At G-20 meeting, an ambitious timeline for political transition in Syria

Leaders from the U.S., Russia, Iran, Saudi Arabia and Turkey are meeting in Vienna this weekend to discuss ways to end the war in Syria and a post-war transitional government. Julie Hirschfeld Davis of The New York Times joins Hari Sreenivasan by phone from Vienna with more on the meetings and proposed timetable for action.

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    Leaders from the U.S., Russia, Iran, Saudi Arabia and Turkey are meeting in Vienna, Austria, this weekend to discuss ways to end the war in syria and a post-war transitional government.

    Though no delegation from Syria is at the negotiating table, Secretary of State John Kerry said today there could be new elections in Syria within 18 months. He referred to the terrorist group "ISIS" by its Arabic name, "Dash."


    The impacts of this war bleed into all of our nations from the flood of desperate migrants seeking refuge within the region or in Europe or beyond to the foreign terrorist fighters who make their way into Syria to join the ranks of groups like Daesh, to self-radicalized fighters living among us.


    New York Times reporter Julie Hirschfeld Davis is covering the Syria peace talks and joins me by phone from Vienna.

    How significantly has last night's attacks played into the conversation today?

  • JULIE DAVIS, THE NEW YORK TIMES (via telephone):

    Well, I think it really stiffens everyone's resolve, as John Kerry said, to really come out with something concrete from these meetings. Everyone, you know, took a moment of silence in the beginning of their ministerial.

    Everyone was very somber and, you know, very determined to make some headway here in light of — you know, the attacks that really underscored the challenge they're facing, trying to confront the Islamic State and, you know, its effects on the region, but also, obviously, well beyond the region.

    So, it did lend a sense of urgency, and they made some headway. But I would say they were looking for a lot more momentum than they maybe were able to get because there are still some pretty significant remaining issues that divide the key players.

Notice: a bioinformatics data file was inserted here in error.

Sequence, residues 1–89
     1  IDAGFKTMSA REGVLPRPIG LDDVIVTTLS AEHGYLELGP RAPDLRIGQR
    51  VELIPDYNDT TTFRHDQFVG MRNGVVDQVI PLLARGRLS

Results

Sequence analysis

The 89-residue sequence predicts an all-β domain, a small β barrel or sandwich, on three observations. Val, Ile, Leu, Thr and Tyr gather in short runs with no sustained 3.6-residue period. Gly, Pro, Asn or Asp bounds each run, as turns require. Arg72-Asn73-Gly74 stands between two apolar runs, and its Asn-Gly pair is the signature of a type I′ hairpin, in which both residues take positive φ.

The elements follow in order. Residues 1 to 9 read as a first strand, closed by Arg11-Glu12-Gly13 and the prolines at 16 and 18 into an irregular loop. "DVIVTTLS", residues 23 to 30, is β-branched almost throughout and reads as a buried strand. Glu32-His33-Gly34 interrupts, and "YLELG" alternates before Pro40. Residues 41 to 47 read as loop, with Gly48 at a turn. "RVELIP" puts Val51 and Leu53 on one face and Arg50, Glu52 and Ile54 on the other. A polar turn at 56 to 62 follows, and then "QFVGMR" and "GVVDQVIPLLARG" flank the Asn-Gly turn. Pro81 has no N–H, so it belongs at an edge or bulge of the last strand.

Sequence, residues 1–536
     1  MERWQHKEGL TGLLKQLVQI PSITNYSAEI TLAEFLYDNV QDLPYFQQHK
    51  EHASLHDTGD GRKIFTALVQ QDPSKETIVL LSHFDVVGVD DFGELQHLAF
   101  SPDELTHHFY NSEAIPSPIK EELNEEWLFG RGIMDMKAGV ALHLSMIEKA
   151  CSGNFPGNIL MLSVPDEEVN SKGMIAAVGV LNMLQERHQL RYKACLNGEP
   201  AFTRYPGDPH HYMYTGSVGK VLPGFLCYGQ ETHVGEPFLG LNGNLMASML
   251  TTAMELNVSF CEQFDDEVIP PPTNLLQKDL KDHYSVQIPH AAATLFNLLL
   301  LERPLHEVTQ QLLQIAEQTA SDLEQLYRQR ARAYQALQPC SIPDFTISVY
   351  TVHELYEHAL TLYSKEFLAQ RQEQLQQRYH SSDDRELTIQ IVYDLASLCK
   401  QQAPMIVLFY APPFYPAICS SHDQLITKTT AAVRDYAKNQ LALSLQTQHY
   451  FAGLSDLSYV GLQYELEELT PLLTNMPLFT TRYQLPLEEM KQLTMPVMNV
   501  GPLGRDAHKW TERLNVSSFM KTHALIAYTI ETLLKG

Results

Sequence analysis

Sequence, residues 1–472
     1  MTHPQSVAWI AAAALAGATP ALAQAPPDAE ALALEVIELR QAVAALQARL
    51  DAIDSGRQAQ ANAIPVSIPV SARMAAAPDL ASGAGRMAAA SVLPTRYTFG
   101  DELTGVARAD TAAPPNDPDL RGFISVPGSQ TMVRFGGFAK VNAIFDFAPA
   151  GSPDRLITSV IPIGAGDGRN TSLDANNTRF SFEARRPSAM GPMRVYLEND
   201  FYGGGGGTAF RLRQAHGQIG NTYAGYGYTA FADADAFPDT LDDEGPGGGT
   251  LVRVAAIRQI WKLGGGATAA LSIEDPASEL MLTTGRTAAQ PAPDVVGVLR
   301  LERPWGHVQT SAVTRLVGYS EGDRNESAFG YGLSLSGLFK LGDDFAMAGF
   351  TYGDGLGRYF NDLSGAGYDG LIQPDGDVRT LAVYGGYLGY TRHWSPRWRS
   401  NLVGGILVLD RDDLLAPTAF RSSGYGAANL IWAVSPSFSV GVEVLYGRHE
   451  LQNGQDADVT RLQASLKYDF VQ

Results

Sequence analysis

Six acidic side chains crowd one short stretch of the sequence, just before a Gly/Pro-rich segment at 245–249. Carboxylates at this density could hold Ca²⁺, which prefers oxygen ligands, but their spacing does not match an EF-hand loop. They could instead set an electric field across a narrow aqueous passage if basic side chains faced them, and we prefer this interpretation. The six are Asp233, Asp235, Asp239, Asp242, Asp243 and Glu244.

All right. So, let's talk a little bit about. What are they hoping to accomplish and what's standing in between today and that point?

  • DAVIS:

    Well, they did come up with a timetable for action on a political transition in Syria, which is important. It's a pretty optimistic timetable.

    They want to get opposition groups together by January 1, and get them talking with the government of Syria and the representatives of the president, Bashar al-Assad, in the next six months after that, to try to come up with a unity government and constitution and then hold elections in 18 months.

    So, that's a pretty ambitious timetable, and Secretary Kerry acknowledged that, and everyone at the table I think acknowledged that it's a long shot but that's a concrete timetable and that represents some real progress here.

    And they also, you know, agreed that they would, in parallel, seek a cease-fire. But again, for that to happen they're going to have to figure out what the fate of President Assad is going to be, what role he's going to play.

    And they have to identify who they're going to treat as a terrorist group and who they're going to treat as a legitimate opposition group that gets to have a seat at the table in those transition talks. And those are very big tasks that they accept for themselves in the next six months.